11 Oct 2022
Baby Loss Awareness Week – Supporting pregnancy and miscarriage in Greater Manchester
In support of this year’s Baby Loss Awareness Week, Health Innovation Manchester hears from colleagues from across Greater Manchester’s local health and social care system, who can provide expert opinion on this area of care.
Each year, Baby Loss Awareness Week provides an opportunity for remembrance, to support parents and families with others across the world in raising awareness, and in driving change for pregnancy and baby loss in the process.
Health Innovation Manchester has been involved in driving change through specialist services with partners across Greater Manchester, helping improve the delivery of care that women and families experience across the pregnancy pathway.
Jane Coyne, Smokefree Pregnancy Programme Manager at Greater Manchester Integrated Care Partnership, reflects on how innovative stop smoking initiatives are reducing smoking rates, saving babies lives and helping to tackle health inequalities in Greater Manchester:
“With my background in midwifery, giving every baby the best start in life means everything to me, and that’s why I’m so passionate about treating tobacco dependency in expectant parents with specialist maternity support. Rather than referring out to stop smoking services, help to quit can be arranged for pregnant women and their families from their first midwife appointment.
“Our innovative approach has generated hugely positive results for families in Greater Manchester. Since launching the programme in 2018, we’ve seen the rate of smoking at the time of delivery (SATOD) fall from 1 in 8 new mothers to 1 in 10.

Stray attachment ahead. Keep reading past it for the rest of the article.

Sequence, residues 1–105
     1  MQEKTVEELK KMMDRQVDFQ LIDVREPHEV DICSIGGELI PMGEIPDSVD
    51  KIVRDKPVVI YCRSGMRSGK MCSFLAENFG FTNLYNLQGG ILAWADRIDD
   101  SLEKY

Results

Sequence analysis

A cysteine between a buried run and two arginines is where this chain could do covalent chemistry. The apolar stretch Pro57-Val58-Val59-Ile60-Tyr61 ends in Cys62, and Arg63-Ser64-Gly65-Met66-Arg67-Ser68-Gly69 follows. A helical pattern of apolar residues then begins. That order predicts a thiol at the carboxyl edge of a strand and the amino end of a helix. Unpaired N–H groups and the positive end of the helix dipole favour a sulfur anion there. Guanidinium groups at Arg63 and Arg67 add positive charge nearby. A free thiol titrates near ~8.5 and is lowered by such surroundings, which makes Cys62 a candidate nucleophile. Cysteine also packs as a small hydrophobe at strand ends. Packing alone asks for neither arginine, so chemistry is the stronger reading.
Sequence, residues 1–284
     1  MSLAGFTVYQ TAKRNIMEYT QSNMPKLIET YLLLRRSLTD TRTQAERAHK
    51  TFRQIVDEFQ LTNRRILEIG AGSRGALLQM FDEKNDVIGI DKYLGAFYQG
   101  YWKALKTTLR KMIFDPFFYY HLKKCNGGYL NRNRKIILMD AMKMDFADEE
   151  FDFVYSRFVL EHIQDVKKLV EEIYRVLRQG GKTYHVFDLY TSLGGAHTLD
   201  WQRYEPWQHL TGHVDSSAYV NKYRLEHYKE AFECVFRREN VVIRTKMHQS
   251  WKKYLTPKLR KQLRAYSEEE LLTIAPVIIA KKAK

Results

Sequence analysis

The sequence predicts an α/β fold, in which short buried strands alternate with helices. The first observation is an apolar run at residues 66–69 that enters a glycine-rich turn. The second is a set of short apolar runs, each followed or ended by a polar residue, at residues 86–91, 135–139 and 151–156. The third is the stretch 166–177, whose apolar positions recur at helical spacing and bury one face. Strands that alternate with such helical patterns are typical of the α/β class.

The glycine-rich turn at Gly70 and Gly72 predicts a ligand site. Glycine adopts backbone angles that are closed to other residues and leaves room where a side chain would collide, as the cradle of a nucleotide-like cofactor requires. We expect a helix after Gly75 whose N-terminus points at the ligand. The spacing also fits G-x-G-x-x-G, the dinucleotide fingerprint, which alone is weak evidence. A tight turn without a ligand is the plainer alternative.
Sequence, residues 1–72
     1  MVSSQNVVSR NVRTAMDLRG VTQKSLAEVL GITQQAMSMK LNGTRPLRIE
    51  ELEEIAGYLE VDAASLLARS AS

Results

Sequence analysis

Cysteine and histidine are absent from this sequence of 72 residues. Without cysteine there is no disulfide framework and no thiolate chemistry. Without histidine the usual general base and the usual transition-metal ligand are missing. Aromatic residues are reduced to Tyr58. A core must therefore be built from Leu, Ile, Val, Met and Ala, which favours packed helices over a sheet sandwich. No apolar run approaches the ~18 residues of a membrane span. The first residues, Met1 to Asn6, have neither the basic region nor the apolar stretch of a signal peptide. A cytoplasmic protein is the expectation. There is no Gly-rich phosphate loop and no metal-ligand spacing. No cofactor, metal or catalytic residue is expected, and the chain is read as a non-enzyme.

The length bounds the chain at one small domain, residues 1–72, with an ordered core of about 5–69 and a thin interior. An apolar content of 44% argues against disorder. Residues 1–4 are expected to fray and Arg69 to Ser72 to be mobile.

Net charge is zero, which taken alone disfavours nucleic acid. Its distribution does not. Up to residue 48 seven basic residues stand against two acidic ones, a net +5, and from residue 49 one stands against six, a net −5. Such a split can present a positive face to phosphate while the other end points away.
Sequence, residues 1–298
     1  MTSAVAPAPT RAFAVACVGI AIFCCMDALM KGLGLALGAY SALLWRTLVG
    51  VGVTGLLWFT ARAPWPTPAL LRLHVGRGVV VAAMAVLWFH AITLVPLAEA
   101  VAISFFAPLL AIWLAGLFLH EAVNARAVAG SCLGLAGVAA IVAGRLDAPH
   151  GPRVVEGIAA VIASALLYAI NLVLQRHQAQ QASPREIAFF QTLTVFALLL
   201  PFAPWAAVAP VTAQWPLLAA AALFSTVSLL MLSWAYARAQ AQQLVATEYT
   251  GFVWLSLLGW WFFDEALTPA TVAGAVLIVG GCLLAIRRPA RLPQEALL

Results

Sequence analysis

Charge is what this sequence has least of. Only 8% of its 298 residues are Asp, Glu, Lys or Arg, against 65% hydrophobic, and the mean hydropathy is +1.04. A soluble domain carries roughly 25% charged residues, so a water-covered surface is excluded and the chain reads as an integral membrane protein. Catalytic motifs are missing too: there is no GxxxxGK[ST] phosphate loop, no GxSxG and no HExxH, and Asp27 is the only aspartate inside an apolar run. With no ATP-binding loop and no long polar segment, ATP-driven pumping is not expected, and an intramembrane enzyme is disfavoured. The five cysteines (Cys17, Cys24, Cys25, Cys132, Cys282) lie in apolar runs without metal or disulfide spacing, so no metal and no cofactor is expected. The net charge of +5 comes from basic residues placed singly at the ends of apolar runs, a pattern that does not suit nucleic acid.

“The positive results we’ve seen in Greater Manchester show that, with the right support, expectant parents are giving up smoking for good. By doing things differently and using innovative measures, we can improve the health and life chances for families across the country and make smoking history for future generations.”
Health Innovation Manchester has been directly involved in supporting women and families with subsequent pregnancies after the loss of pregnancy through the Rainbow Clinic service.
Becoming pregnant again after a stillbirth is a daunting prospect for women and their families, often characterised by the fear of repeating the experience.
Women who have had a stillbirth are at increased risk of complications in subsequent pregnancies, including stillbirth, pre-eclampsia, placental abruption, and low birthweight. It is also associated with other challenges psychologically, emotionally, and socially.
The Rainbow Clinic at St Mary’s Hospital in Greater Manchester is a specialist service for women and their families during a subsequent pregnancy following a stillbirth or perinatal death. It cares for families from the time of the postnatal appointment onwards and into a subsequent pregnancy.
The service engages with women at an early stage of pregnancy, ensuring that they are on the right treatment, making any necessary referrals and providing more detailed ultrasound scanning.